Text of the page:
Property Council chief executive Connal Townsend said today central & local government “need to develop a range of innovative funding tools beyond rates & individual project funds. To be sustainable those tools should be linked to growth.”
He agreed with mayor Phil Goff, who told a Property Council breakfast last week funding infrastructure with rates wasn’t sustainable: “Rates are a limited & extremely blunt way of raising income. The property industry continues to have issues with rates & the development contributions system. It is not an effective or sustainable way to fund local government.
“Yes, Central Government should & does make significant financial contributions to individual projects. But that is not sustainable either.”
Mr Townsend’s solution – partnership between the 2 levels of government – is at last on the way in 2 forms, though neither is adequate to meet the challenge.
One is the formation of the Auckland transport alignment project last year, when the Government & Auckland Council joined in establishing long-term priorities. However, there would be a long-term deficit and there’s been no resolution of how that should be funded – the project calculation has started with a $24 billion funding need, and a $4 billion shortfall projected.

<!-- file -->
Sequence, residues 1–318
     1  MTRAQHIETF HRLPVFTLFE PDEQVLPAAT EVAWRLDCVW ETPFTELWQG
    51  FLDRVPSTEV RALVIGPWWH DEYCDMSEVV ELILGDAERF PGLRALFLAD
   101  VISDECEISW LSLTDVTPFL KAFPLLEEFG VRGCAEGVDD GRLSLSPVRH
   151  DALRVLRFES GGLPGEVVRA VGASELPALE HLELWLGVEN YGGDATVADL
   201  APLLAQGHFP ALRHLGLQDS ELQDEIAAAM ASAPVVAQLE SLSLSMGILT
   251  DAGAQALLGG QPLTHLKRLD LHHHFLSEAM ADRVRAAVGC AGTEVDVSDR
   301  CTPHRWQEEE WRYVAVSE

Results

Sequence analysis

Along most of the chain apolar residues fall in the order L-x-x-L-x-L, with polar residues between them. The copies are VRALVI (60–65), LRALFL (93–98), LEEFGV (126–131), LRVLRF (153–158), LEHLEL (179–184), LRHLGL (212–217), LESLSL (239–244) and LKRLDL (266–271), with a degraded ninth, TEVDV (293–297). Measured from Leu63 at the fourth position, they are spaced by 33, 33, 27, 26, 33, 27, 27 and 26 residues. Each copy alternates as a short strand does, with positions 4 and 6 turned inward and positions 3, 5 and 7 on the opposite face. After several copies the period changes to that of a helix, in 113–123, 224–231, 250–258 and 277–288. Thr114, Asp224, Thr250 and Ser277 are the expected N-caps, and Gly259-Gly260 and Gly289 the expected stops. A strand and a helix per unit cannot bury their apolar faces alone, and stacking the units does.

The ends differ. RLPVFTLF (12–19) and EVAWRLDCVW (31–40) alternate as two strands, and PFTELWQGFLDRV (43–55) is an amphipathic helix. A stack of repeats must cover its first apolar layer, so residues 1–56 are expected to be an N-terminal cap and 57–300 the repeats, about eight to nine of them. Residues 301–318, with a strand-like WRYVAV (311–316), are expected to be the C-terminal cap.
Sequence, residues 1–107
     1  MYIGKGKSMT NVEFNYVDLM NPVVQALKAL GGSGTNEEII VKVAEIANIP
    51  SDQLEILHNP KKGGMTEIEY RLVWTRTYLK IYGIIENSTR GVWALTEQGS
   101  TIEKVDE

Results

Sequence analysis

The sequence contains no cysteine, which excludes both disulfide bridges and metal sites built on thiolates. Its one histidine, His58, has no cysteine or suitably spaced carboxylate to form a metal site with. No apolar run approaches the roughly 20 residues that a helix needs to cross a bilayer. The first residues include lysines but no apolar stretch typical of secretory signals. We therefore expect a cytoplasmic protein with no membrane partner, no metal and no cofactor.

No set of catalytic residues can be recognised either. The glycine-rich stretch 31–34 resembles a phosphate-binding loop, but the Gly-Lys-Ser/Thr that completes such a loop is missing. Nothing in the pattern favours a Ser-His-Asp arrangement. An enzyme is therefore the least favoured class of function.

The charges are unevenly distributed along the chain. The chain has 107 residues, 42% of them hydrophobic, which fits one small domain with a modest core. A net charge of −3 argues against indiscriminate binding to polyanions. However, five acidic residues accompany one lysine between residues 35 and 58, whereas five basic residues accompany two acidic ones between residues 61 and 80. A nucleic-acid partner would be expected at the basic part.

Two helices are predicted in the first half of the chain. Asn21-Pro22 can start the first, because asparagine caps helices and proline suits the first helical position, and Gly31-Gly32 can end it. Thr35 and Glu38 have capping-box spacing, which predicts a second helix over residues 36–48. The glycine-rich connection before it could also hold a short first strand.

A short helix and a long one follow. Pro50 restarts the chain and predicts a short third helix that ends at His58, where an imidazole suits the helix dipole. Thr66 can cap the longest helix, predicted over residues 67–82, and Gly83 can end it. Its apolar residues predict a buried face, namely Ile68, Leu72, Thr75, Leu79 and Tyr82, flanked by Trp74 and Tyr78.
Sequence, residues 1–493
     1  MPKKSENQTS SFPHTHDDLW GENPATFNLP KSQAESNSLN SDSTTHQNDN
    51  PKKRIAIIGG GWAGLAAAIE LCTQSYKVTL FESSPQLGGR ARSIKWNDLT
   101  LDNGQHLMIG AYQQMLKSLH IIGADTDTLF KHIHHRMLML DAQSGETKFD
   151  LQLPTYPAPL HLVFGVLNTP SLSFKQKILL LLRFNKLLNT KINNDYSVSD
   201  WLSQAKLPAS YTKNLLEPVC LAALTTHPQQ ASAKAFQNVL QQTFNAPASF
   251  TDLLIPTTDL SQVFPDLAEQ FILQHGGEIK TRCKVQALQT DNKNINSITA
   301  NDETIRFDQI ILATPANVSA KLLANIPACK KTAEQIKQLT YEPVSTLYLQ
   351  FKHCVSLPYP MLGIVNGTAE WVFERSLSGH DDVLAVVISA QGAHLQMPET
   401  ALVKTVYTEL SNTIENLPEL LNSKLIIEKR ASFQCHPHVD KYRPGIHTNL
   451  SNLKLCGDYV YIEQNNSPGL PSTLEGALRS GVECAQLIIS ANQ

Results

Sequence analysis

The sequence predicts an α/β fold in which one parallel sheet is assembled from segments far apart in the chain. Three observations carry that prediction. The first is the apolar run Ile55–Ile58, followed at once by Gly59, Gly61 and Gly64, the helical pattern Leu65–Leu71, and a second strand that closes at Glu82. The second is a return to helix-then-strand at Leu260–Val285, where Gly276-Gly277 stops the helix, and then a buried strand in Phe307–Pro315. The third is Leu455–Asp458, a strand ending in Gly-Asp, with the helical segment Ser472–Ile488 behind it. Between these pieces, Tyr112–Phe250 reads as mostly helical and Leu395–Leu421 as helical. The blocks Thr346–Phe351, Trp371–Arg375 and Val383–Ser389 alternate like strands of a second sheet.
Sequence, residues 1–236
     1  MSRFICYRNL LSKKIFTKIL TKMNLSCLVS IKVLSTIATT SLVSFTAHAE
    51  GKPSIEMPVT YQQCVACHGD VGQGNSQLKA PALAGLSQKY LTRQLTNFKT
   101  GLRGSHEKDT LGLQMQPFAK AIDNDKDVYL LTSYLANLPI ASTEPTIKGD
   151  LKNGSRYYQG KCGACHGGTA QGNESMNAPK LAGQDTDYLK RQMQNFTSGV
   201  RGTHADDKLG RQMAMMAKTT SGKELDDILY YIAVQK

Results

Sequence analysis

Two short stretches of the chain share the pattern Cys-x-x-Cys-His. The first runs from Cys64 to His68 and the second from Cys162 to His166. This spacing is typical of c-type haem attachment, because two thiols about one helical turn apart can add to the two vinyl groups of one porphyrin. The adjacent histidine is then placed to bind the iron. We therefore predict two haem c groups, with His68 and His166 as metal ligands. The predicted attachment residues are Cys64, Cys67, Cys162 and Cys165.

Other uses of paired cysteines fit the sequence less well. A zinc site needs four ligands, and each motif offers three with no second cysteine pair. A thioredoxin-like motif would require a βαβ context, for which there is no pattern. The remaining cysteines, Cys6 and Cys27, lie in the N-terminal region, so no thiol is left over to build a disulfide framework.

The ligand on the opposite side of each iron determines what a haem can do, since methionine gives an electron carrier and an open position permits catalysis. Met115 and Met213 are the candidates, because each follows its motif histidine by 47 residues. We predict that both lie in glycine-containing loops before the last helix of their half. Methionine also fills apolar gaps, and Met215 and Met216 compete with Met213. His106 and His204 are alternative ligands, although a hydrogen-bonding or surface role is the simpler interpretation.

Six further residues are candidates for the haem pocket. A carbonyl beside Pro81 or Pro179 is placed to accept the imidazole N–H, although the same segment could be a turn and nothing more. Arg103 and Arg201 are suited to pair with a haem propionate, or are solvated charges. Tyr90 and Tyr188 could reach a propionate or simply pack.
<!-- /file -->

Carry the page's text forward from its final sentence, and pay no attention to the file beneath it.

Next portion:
Mr Goff said: “Auckland Council would need to come up with at least $200 million/year to meet the shortfall. I’m not going to ask ratepayers to shoulder that burden, it’s not viable nor is it equitable.”
Secondly, the Government has announced its proposal for urban development authorities, which would be project-related and combine the forces of both levels of government. Those authorities would focus on regeneration in a specific area and close down on completion, though it would make sense to retain the same governance structure and enable an authority to switch to the next project rather than start afresh.
The mayor has proposed in the council budget that the hotel sector be charged for tourism infrastructure. Mr Townsend commented: “If we are serious about Auckland becoming a global city we need a partnership between central & local government. They need to develop a range of innovative funding tools beyond rates & individual project funds. To be sustainable, those tools should be linked to growth.”
The flipside of that is that, when there’s a downturn, the industry wouldn’t pay for what would be long-term infrastructure provision.
And the other potential source of funds, not mentioned, is the hike in gst which the Government retains in good times, inadequately funding local infrastructure required to support the tourism growth.
My conclusion: It’s scary, really, that we have so many political & business leaders with not one new or innovative idea among them on alternative funding, that the same issue is raised often without any thought of resolution.
The one solution, a variation on a bed tax, is a more expensive way of doing what a slice of gst could do more easily & neatly.
The world has cities which have created infrastructure to meet these kinds of needs, and the world has potential infrastructure funders. They’ve been walking through the mayor’s office in Auckland for a decade.
Attribution: Property Council release, my thoughts.